A good contemporary example might be the recent recall of pet foods across North America . This is a topic of extreme interest to pet owners, one that has received a high level of attention from news, governmental and consumer organizations. A search conducted for “pet food recall” might bring up results from general search, news, YouTube videos, radio reports, shopping search results, etc… Under Google’s old system, a user would have to perform specialty searches to find information kept outside of Google’s general search results. Google Universal should change that by bringing other file formats into what the user will perceive as the general search results.
Google Universal is probably the biggest change made to Google results since the introduction of paid advertising five years ago. The move was made by Google to present a wider array of file types to users. It is a logical change that will have sweeping effects throughout the search marketing industry. SiteProNews will carry fuller coverage of Google Universal later this week.
Last week was one of the most significant and startling weeks in Google’s history. From an outsider’s perspective, it appears Google is taking serious action to improve its services on several fronts. Its greatest weakness is the specter of clÃck fraud, as evidenced by the speed at which the media bit the hook dangled by the Fair Isaac press release. It is prepared to forgo revenues in order to clean up its system and is working to integrate richer media into its general search results. Any one of the three stories could have provided months worth of material for writers in the search marketing space. Together, they provide a clearer indication of Google’s greatest fears and best intentions. This is likely to be another interesting week watching Google.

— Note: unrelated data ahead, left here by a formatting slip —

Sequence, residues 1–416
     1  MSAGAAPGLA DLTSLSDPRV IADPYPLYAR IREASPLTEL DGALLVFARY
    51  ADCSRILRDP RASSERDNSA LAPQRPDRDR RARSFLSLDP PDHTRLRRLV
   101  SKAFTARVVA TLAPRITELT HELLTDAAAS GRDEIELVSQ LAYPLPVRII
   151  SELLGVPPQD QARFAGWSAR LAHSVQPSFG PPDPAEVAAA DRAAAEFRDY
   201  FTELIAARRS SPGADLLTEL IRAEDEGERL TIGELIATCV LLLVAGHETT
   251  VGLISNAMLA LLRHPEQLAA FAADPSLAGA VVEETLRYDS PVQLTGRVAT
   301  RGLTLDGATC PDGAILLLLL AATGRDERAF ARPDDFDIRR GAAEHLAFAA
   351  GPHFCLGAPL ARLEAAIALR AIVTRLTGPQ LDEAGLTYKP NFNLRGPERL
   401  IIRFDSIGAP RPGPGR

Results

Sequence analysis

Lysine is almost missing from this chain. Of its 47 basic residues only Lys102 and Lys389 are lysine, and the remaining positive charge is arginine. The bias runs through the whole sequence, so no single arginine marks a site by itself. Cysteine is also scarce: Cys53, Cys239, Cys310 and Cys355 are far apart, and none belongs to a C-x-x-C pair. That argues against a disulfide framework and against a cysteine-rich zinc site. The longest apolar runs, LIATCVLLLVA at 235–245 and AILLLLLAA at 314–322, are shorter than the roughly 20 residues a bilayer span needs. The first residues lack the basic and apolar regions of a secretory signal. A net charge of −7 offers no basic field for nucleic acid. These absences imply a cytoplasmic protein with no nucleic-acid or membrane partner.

About The Author
Search marketing expert Jim Hedger is one of the most prolific writers in the search sector with articles appearing in numerous search related websites and newsletters, including SiteProNews, Search Engine Journal, ISEDB.com, and Search Engine Guide.